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Review of the Food & Wine Week in July 2011


Our first Food and Wine Week was a great success, and we'll now hold similar events at least twice a year. It turns out that people like food and wine!

Our format was simple. Each afternoon, our four chefs taught cooking master classes for 2 hours, and then demonstrated their skill through the preparation of a dish from a 'secret box' of ingredients. If you've ever seen 'Ready Steady Cook' then you'll know about the style of cooking.

The master classes were informative - even for me and I get to watch the chefs in action every day! The chefs adopted the format from 'The Cook and the Chef' and worked two at a time, and switched from one to another to keep guests interested.

Warren Farrugia, our Executive Chef, started with the basics - stock. It's the secret to great home cooking. He showed how to make beef, fish and chicken stock, and explained how to skim it, clarify it, store it and reduce it to demi-glace for use in sauces.

Louis Forbes, our sushi chef (at least on Mondays), demonstrated the preparation of six different types of sushi. In his 'secret box' were all the trimmings for tempura, so he made kingfish tempura and avocado tempura (this was surprisingly good) with a salad of fresh greens and Japanese dressing. We served some Japanese brown rice tea to support the culinary theme.

Taste testing at Pinetrees - Lord Howe IslandSatisfied students - Lord Howe Island

Mike Moody took us to Morocco with his marinated lamb rumps, spiced eggplant and cous cous. He showed how to make cous cous delicious with fruit juice, spices and fresh herbs. It was a simple ten minute meal by itself. Ever the pragmatic chef, Mike decided that instead of demonstrating a dish for one person, he'd prepare 25 portions for our evening meal. Watching a commercial chef prepare commercial quantities was just as fascinating as the intricate spice blends and marinades. Mike's 'secret box' produced char grilled baby octopus in a salad of fennel, cherry tomatoes, chick peas and baby spinach. Fifteen guests with forks were waiting.

Mike Moody showing off - Lord Howe IslandMike making cous cous - Lord Howe Island

Adam Smith, the show-off, made chocolate ravioli with ricotta and strawberry. It was a taste sensation and perfect for people who like dessert without a sugar hit. In his 'secret box' were strawberries, oranges, limes, passionfruit and eggs, so of course he made four soufflés - in 10 minutes! Meanwhile, Warren explained the basics of bread making and showed how to transform a simple bread dough into dinner rolls, a Vienna loaf and focaccia.

On Thursday, Jason Henderson, our butcher and fish monger, demonstrated how to fillet a 13kg Lord Howe Island kingfish (caught by one of guests) and "break-down" a whole sirloin. Warren explained the different cuts and how they are best prepared and cooked. He also explained the fundamentals of marination and pulled our kitchen apart to demonstrate various combinations of aromatics, acids and oils.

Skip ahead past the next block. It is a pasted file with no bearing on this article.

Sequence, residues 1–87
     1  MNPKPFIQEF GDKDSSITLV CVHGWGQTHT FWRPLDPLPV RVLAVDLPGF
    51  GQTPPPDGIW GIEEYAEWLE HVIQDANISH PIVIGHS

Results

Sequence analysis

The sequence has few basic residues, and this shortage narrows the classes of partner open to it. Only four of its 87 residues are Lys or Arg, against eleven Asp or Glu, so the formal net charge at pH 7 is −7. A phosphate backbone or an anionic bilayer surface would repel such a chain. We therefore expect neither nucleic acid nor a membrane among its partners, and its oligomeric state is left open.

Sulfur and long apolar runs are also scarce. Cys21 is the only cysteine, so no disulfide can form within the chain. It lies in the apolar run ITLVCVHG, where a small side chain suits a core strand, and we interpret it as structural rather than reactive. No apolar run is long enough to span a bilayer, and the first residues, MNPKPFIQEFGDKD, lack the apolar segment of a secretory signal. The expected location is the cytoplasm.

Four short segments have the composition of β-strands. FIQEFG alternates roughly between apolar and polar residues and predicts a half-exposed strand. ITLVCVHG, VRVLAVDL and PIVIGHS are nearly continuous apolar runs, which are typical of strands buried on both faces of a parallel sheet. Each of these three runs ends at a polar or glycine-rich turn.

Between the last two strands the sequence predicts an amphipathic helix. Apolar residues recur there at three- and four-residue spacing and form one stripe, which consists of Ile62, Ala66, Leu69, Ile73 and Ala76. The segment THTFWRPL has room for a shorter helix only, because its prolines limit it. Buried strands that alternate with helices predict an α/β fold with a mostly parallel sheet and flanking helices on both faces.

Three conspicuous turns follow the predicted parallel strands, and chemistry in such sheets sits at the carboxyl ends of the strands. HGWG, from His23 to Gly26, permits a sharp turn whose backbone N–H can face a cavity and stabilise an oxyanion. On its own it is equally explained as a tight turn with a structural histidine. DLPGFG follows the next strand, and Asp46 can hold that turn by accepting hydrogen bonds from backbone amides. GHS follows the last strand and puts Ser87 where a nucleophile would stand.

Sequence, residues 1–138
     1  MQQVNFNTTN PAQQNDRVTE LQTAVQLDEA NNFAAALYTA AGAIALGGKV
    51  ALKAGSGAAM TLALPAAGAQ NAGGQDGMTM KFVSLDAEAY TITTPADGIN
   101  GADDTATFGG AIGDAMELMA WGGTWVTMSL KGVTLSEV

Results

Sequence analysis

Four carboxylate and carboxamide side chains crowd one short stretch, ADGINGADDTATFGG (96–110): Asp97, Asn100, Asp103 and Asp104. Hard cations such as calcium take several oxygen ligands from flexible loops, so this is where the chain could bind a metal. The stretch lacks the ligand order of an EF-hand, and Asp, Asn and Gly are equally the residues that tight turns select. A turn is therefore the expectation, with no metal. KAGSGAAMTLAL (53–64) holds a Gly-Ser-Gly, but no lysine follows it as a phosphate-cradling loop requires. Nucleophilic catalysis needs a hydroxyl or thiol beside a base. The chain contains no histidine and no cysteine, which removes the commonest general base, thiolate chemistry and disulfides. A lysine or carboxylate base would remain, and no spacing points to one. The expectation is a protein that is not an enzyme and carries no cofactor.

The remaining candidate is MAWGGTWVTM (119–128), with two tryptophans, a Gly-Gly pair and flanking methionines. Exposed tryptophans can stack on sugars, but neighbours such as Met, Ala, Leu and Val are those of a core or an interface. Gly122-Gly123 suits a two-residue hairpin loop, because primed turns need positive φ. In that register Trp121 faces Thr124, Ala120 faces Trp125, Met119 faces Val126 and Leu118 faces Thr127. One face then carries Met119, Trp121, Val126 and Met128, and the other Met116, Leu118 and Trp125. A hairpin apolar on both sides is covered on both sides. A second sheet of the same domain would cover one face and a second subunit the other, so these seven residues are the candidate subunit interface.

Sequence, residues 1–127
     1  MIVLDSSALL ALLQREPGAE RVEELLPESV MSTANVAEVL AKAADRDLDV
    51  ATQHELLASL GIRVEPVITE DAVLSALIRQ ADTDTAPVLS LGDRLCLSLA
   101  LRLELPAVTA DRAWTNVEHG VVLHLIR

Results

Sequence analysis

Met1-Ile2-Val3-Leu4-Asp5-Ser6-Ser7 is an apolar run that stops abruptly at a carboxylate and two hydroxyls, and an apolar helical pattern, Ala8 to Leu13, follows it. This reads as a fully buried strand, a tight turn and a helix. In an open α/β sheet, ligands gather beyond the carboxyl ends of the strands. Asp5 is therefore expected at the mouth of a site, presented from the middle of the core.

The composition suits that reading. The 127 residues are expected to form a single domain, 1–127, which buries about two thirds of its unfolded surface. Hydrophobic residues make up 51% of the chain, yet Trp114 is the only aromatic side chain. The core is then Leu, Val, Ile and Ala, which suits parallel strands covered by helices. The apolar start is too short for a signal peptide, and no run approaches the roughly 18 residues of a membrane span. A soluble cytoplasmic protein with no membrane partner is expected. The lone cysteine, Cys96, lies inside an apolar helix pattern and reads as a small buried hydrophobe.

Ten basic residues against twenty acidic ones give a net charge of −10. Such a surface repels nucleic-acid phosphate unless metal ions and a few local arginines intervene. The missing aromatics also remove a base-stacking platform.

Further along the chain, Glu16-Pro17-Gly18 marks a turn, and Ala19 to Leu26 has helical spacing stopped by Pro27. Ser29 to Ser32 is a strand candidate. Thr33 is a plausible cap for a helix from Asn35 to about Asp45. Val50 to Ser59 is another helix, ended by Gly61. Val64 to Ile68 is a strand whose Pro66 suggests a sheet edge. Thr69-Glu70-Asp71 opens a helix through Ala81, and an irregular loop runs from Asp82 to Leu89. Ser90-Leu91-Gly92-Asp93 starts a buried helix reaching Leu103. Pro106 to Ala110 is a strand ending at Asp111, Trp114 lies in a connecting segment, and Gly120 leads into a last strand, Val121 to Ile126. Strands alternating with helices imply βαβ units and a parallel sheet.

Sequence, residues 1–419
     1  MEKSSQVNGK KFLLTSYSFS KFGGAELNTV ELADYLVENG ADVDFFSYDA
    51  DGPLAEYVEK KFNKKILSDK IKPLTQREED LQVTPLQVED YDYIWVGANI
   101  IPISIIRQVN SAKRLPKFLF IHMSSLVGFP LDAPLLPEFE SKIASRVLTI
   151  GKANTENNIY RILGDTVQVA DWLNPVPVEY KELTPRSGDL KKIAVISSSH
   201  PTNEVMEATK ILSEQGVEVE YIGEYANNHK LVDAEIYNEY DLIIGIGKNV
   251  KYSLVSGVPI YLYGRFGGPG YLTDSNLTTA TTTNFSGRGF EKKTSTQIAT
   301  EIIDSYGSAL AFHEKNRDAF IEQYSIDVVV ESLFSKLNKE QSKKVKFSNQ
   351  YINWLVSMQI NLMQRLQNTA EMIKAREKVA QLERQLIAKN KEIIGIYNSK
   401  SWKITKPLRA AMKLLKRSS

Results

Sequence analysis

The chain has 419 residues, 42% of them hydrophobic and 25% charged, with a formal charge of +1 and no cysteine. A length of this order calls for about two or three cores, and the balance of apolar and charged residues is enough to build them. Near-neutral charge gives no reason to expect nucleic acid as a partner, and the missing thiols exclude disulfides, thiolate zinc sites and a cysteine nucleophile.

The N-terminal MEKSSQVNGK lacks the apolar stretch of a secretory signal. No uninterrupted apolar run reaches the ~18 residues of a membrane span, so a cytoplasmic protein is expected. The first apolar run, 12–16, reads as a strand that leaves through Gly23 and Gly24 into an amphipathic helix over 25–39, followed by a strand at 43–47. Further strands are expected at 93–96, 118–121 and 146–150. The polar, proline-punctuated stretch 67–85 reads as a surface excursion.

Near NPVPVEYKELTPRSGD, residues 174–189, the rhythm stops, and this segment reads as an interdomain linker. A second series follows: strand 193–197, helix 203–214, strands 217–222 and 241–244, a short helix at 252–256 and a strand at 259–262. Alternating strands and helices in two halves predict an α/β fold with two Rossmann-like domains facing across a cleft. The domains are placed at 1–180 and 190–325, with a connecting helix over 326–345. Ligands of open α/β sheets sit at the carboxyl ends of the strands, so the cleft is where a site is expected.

5th course for the afternoon - Lord Howe IslandJason filleting a kingfish - Lord Howe Island

The final day was the highlight. Mike fired up three BBQs for an extended demonstration and 5 course lunch. He cooked kingfish belly-flap skewers (yes it's the best part), marinated chicken and Hokkien noodles, crispy skin salmon fillet, the perfect char grilled steak, and an entire BBQ roasted sirloin. Our guests were watching, learning and eating for over two hours.

In the afternoon, Warren dazzled us with his sauce making skills and turned simple beef, chicken and fish stocks into the kind of 'fine-dining' sauces that good restaurants are famous for. And of course, he cooked pieces of fillet steak and kingfish to accompany his sauces on the tasting plate.

The finale was Warren's 'secret box'. Our chefs (and guests) had been talking all week about how they could "stitch him up" with weird ingredients. In the end, the best they could do were whole quails, which Warren boned in about 30 seconds. He marinated the quails in cumin, cinnamon, turmeric, raisins, lemon juice and almond oil, and then prepared simple cous cous with a large handful of fresh garden mint and parsley. In another bowl he made a salad of garden parsley, blood orange, pomegranate and almond oil. While he pan-fried the quails, skin side down, he also cooked the remaining marinade and added a dob of butter at the end to produce a fragrant sauce with plump raisins. The final dish was stunning - guests didn't know whether to eat it or take photos of it. Suffice to say, they did both.

Warren explaining muscles - Lord Howe IslandTasting the quail at Pinetrees - Lord Howe Island

In the evenings throughout the week, we tasted wine - 35 wines to be precise. You'd spend a fortune tasting this number of wines at home. Each day we concentrated on one variety and, where possible, explored the difference in style and character from different wine regions. Most of the wines we tasted were James Halliday's most highly rated, and all were good. Some were stand-outs. Thanks to the enthusiasm of our guests to think about each wine and compare them, we now have a new wine list that is Halliday rated and tested!

All up, it was a great week. One of our guests had been to five different cooking schools and loved what we did. Others had no idea that the cooking classes were on at the beginning of their stay, but still came every day. Thanks and see you again....

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